Ember's growth among developers remains steady.
Over half of Ember developers self-identify as being very familiar with
majority (86%) live in North American or Europe, prefer Sublime or VIM
(85%) and commit their code to a Git repository (93%).
The vast majority (88%) of participants self-identified as a developer. 90%
of participants used Ember at work. Most (77%) were on small teams of
one to ten developers, although many (62%) claimed their entire
development staff was one to ten individuals. This leaves
over a third of Ember developers working for a company employing
more than ten developers. 13% work for a company with over one
hundred developers. 84% have an Ember application in production.
During the survey window, Ember.js 1.10 was announced. By these numbers
75% of Ember developers are working with a very recent stable release (most
recent or previous).
25% of developers still support a version previous to 1.7, released August
23rd 2014 (about 6 months prior to this survey).
Most Ember applications move forward and adopt new versions
of the framework. Especially
when compared the adoption of Ember-Data versions, the story
of sematic versioning and committing to API stability
reads like a success.
Ember-Data adoption tells a very different tale. 60% of users are on
an older version of the library, only 45% on the most recent release.
Ember-Data does not adhere to semantic versioning (yet), and the difficulty
of upgrades is visible in this data.
Nearly half of all respondents reported that Ruby is the primary language of their server-side stack,
Server-Side Language preference follows a similar curve as the languages in use,
Rails is, unsurprisingly, the most commonly used framework, with slightly over half of respondents reporting it as one of the server-side
frameworks in use. Express, at 25%, is the second most-common reported framework. Ember allows for many potential server-side options, however, as borne out by the survey results:
The third-most likely answer, at 14% of survey respondents, was "other", indicating a framework that wasn't included in any of the 11 enumerated choices.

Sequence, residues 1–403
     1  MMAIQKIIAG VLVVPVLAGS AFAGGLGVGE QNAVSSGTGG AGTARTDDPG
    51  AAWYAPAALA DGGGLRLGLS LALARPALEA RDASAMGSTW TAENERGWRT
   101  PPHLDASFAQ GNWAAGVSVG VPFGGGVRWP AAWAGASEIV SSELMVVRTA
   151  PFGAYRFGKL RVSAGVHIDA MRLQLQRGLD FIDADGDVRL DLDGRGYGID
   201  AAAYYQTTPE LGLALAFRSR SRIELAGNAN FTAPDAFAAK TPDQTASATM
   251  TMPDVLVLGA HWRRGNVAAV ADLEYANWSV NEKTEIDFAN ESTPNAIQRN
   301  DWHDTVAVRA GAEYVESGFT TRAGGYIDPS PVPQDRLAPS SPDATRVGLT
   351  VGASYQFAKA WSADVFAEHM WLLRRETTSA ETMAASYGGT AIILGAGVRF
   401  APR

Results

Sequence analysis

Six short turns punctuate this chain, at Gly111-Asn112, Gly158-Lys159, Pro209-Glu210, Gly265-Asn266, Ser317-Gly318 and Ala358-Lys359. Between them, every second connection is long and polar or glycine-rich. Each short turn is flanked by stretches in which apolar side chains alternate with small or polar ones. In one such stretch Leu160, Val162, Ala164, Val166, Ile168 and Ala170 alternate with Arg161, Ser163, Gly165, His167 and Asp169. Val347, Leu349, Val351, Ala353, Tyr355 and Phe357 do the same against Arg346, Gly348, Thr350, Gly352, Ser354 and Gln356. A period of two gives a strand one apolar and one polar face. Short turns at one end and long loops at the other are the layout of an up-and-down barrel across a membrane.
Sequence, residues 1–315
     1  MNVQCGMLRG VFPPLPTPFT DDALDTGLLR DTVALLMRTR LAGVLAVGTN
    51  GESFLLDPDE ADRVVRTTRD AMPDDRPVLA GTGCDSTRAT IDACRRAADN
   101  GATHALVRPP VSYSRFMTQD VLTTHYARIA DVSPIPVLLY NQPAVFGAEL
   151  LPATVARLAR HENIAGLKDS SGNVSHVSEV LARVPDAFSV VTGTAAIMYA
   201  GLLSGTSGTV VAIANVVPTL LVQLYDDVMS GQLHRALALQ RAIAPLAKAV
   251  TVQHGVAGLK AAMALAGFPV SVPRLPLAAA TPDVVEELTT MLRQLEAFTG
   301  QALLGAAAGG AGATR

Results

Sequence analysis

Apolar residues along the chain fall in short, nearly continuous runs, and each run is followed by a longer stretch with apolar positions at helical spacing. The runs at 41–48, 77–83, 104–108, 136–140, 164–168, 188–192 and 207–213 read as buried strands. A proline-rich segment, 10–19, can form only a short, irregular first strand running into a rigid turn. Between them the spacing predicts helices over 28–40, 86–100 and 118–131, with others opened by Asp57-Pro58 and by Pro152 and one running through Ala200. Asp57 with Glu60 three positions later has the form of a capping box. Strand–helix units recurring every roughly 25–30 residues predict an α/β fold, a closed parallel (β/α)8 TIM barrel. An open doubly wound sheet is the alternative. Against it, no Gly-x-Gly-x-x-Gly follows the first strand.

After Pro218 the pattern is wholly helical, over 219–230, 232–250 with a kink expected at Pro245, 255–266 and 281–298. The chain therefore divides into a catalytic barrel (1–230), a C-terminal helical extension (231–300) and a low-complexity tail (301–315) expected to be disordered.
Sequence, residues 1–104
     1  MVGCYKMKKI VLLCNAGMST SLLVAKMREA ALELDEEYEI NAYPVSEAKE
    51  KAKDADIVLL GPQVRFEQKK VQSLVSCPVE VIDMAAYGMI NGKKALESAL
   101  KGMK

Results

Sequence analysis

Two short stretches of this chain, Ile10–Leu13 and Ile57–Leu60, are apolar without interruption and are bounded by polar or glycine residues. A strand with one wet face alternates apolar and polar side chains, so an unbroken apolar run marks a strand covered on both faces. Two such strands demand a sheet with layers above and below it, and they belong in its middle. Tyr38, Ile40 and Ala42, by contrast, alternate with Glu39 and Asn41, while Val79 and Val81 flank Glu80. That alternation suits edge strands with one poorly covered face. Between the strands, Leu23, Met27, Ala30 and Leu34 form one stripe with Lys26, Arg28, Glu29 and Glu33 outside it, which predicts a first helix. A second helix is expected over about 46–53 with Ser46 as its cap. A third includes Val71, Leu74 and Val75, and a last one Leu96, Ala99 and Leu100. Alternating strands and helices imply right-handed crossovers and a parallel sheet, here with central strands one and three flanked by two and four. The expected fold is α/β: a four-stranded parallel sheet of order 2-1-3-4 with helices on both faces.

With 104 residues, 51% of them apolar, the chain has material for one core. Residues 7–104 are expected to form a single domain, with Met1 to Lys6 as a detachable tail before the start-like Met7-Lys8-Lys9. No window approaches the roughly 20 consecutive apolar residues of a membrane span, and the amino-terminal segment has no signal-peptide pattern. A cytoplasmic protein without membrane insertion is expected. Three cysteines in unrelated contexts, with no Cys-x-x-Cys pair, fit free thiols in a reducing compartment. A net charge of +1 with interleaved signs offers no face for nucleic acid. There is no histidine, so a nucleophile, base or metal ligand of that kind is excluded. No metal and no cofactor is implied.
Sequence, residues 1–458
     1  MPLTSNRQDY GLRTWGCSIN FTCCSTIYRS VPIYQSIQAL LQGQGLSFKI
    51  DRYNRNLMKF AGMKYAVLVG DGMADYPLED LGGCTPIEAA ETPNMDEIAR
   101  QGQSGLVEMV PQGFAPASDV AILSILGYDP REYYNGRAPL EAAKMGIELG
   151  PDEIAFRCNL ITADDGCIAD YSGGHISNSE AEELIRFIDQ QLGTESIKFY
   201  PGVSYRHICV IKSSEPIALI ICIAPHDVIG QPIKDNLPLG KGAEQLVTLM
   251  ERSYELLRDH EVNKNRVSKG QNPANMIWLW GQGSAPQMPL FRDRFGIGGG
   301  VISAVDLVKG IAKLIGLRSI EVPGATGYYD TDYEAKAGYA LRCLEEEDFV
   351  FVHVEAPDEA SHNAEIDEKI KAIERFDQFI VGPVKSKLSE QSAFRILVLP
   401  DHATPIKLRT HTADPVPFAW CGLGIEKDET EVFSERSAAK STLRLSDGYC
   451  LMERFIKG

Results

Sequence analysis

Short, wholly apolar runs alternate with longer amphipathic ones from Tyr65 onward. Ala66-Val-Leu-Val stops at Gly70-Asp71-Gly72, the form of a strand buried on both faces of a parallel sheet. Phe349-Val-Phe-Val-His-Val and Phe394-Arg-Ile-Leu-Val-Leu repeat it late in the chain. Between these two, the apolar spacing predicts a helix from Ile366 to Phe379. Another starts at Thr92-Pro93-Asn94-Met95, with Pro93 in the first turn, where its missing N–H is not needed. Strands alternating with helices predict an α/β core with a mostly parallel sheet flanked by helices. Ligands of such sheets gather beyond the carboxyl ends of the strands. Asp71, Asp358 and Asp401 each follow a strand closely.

Ember-CLI has quickly become the preferred build tool for Ember
apps as 83% of respondents indicated using it to build their apps. This
level of adoption is astounding, and speaks to the community's focus on
and willingness to adopt new conventions.
The number of developers supporting mobile platforms will continue
to grow over the next year (56% to 67%), while the number supporting
legacy platforms will continue to drop. The percentage of developers
supporting IE8 (the last
commonly supported browser without ES5, and for which Microsoft will drop support in January
of 2016) is expected to drop from 15% today to 5% next year.
Less than 1% of developers try to support IE6 or IE7.
Microsoft's inability to launch an evergreen browser continues to be a
burden on the development community. More developers support IE9 than
legacy versions of evergreen browsers. It has been suggested that the
Windows 10 browser, Spartan, will be an evergreen browser.
The addition of addons through Ember CLI has opened the door to extensibility,
and nearly half of survey respondents report having authored at least
one addon. Less that 20% of respondents, however, report publishing an
addon publicly, indicating a high level of internal addon usage.
The testing story for addons remains under-developed as less than 15% of
respondents report implementing either unit or acceptance tests in their
SEO is undoubtedly an important aspect of web development. Despite this
the large majority of Ember developers don't see SEO as a challenge
they need to solve in their applications, or don't take pro-active
steps to improve SEO. There is definitely
an element of self-selection in these numbers: It is unlikely
that Ember is being chosen for SEO-sensitive applications.
Revisiting these numbers next year, in light of FastBoot, will
be revealing, as 46% of developers report that their applications
target public consumers.
We would like to thank everyone who took the time to participate
in the 2015 Ember Community survey! We hope this information can
provide a platform for discussion and ideas around the entire
Ember ecosystem as it moves forward.
You can view a summary of the responses to all the questions from the
survey by clicking
here, and you can
view the raw survey data
Share the results:
For Next Year...
Hindsight is 20/20, and there are a few topics we regret not covering
in the 2015 survey:
“Do you self-identify as an under-represented demographic in
Ember-RESTless should have been included in the data-layer options.
“What is your preferred learning resource? Videos, books, ebooks,
open source code, formal training, etc.”
“What hosted data service do you use? Firebase, Meteor, Parse, etc.”
“What level of education do you have? High-school, College degree, CS degree, etc.”
Question to better understand accessibility requirements and implementation should have
You are encouraged to discuss these and other issues at EmberConf
this year. If you have feedback to share, or think we missed a question
not mentioned here, feel free to email email@example.com